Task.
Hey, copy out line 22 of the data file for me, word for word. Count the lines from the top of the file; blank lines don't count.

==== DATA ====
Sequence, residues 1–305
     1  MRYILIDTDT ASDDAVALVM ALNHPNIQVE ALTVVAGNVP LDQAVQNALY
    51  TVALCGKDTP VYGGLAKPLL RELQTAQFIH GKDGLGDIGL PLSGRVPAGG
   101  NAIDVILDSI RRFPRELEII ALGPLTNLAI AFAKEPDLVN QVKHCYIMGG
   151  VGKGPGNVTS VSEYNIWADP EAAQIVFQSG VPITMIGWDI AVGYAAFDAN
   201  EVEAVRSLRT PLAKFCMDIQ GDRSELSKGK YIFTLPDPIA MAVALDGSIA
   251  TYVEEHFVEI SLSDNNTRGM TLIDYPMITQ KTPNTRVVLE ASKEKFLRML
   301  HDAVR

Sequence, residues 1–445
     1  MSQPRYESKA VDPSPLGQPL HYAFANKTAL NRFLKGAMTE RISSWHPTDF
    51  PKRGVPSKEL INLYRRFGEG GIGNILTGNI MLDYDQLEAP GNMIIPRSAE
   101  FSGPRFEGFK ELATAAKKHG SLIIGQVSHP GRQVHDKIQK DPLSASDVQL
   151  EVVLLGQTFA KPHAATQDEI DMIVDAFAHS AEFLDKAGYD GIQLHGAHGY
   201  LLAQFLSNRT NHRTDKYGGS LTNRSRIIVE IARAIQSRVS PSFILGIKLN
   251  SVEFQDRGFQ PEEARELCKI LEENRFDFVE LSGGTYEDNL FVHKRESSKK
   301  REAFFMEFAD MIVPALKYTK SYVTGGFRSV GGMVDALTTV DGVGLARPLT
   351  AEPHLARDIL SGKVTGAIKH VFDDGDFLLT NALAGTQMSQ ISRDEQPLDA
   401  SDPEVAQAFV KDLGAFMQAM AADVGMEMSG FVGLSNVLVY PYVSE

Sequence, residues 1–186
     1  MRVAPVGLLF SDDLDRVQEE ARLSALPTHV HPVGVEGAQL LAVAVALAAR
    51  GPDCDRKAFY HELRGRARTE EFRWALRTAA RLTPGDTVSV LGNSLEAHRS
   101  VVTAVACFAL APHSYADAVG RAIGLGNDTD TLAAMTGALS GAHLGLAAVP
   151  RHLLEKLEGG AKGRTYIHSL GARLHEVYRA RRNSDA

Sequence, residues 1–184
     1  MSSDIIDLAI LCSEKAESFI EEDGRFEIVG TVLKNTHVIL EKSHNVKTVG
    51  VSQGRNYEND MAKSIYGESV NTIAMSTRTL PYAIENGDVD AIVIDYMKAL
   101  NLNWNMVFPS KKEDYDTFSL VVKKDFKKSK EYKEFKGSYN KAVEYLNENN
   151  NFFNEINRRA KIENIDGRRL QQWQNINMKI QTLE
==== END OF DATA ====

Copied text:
   101  VVTAVACFAL APHSYADAVG RAIGLGNDTD TLAAMTGALS GAHLGLAAVP